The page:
The Academy of Richmond County opened its doors in 1785, and was visited by President George Washington six years later. Thousands of young men and women have come and gone through its doors, and ultimately graduated from the oldest learning institute in Georgia – each with a story to tell.
On May 29, 18-year-old Randy Hawes will walk across the graduation stage and shake hands with administrators and trustees as he receives his diploma case, probably without much fanfare or air horns.
Many do not know about Randy or his story, and that’s too bad.
RANDY WAS born in San Antonio to Belinda Jernigan, a single mother of two boys. Being born premature, he had problems with fine motor skills, and received two-plus years of occupational therapy. Somewhere around this point is where 99 percent of similar stories splinter off and describe how a single parent went to a government building, signed up for benefits and has been receiving benefits ever since, while the children failed to learn to read close to grade level, and so on and so forth.
Not this story.
Randy took up baseball to help with his physical delays. Not taking too well to baseball, he began playing basketball to strengthen fine motor skills, and entered football at age 6. He wanted to give it up, but Mom suggested he stay with it a bit longer and not quit. When he hit high school, he played football for four years and wrestled for three
“Randy is extremely dedicated to his sport and works hard at everything he does,” said ARC’s head wrestling coach and assistant football coach, Michael Buckshaw.
When Randy was in the third grade, his mother married Rob Jernigan, and for the next eight years the family moved from San Antonio to San Angelo, Texas, back to San Antonio, to North Carolina and one or two additional moves related to military life. While in ninth grade, Randy wanted to get to know his biological father, so he went to spend the year with him, but it didn’t work out.
Somewhere around here is when 99 percent of similar stories splinter off and describe how a child and his family began using certain life events as a crutch and an excuse for poor behavior, being a disciplinary problem in school and so on and so forth.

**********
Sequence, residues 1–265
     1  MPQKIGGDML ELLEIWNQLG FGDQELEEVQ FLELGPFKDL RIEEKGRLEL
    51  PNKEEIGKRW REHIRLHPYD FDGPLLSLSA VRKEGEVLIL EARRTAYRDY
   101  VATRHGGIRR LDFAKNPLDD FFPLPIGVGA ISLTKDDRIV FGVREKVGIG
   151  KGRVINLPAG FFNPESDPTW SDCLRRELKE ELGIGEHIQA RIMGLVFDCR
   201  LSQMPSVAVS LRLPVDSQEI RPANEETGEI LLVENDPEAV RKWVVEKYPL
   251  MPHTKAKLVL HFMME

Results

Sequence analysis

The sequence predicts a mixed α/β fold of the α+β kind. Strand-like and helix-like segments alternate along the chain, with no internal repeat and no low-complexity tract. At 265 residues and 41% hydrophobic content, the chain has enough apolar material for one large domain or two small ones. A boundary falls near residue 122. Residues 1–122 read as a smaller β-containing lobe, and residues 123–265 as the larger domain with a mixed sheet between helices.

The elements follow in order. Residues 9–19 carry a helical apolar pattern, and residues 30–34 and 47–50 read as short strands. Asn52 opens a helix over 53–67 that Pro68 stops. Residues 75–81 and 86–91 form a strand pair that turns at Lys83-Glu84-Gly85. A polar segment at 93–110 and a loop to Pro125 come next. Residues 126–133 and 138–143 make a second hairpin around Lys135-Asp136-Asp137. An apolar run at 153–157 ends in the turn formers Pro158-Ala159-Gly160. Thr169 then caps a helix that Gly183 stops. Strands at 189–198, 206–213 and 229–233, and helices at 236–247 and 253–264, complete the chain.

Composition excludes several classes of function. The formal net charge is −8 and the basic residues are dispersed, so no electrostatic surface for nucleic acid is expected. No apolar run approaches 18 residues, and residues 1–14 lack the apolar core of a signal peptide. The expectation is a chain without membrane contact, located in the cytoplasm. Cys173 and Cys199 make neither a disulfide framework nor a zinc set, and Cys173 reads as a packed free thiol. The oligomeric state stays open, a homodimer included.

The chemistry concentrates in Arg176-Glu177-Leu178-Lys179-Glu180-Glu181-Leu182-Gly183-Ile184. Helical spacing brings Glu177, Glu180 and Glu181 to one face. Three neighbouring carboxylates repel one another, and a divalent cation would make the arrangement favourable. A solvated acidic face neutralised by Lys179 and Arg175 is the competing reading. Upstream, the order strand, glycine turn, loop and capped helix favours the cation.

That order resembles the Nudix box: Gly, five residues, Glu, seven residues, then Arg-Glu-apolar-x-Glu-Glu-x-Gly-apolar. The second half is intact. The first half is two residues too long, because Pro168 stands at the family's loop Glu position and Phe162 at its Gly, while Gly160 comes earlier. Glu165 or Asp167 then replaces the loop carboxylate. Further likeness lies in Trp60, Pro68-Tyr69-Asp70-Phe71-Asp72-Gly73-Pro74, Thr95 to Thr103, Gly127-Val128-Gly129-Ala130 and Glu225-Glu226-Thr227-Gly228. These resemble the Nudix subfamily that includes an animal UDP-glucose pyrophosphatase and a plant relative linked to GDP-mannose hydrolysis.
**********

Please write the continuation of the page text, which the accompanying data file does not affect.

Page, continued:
Not this story.
In addition to having two “very influential older brothers” and a caring mother who “never put limits on Randy,” Hawes has a stepdad who, in Randy’s words, is “how a father should be to their children” and “has been like a father to this day.” The family arrived in Augusta in November 2011, and Randy registered in school.
Welcome to Georgia and its Georgia High School Graduation Test! He passed all five components on his first try, and based upon my math, his unofficial high school average is 88.6.
DID I MENTION that, as a child, Randy was diagnosed with a learning disability? He has dyslexia. His mother says that they “found strengths to overcome weaknesses.”
ARC’s front office secretary, Diana Register, boasted, “Randy is so polite, chivalrous and well-mannered. I’ve watched him grow into a focused, determined young man that overcomes the obstacles to achieve his goals in life. I’m very proud of him.”
Randy asks faculty members, including me, to look over assignments before submitting them to their respective teachers. He could have rushed through with a pencil, turned in something and said, “I turned it in.” But no – he takes the extra time and effort to submit the best possible product. For those unfamiliar with this practice, it’s a strong work ethic, discipline and not giving up – when, in today’s self-absorbed, narcissistic, easy-way-out culture, such things are frowned upon.
I may have omitted that last month Randy signed a letter of intent to attend St. Andrews University in Laurinburg, N.C., on academic and wrestling scholarships. Close to 30 teammates, faculty members, administrators and people from church gathered in ARC’s Media Center to witness the signing. Although it escaped media coverage, those present understood and appreciated the event’s significance.
And, oh by the way, Randy is the first student from ARC to receive a wrestling scholarship, and while his academic record was rewarded, St. Andrews was not made aware of his disability.
“Randy is a very hardworking student athlete who takes pride in not (just) his training, but also his academic work. He is an example of a true student athlete,” ARC coach and teacher Richard Bush said.
International Baccalaureate Dean Ken Johnson added, “From an administrative perspective, I can say that Randy is very much dedicated to his craft. He spends a lot of time preparing for his matches and has a calm aura when it’s his time to take the mat. He has calm confidence that I have seen turn into what looks like a kid running around on the playground. One can really tell that he loves the sport of wrestling and does not participate because he is good or because he is asked to.”
CAREER TECHNICAL Instruction Coordinator Candace Wilkerson praised him, too: “Randy has always displayed positive behavior with self-motivation and determination to learn all the content in engineering. He participated in the High School High Tech program and the CTI program and attended most of the events, learning leadership skills, decision-making skills, and communication skills. He is very respectful and always willing to help others.”
Randy’s mother would like for people to know about students with disabilities: “They are not incapable of reaching their goals.”
When asked how he manages and deals with his obstacles, Randy simply said that, “Just because you have a disability doesn’t mean you can use it as a crutch.”
Amen, and Godspeed!
(The writer is a teacher at the Academy of Richmond County.)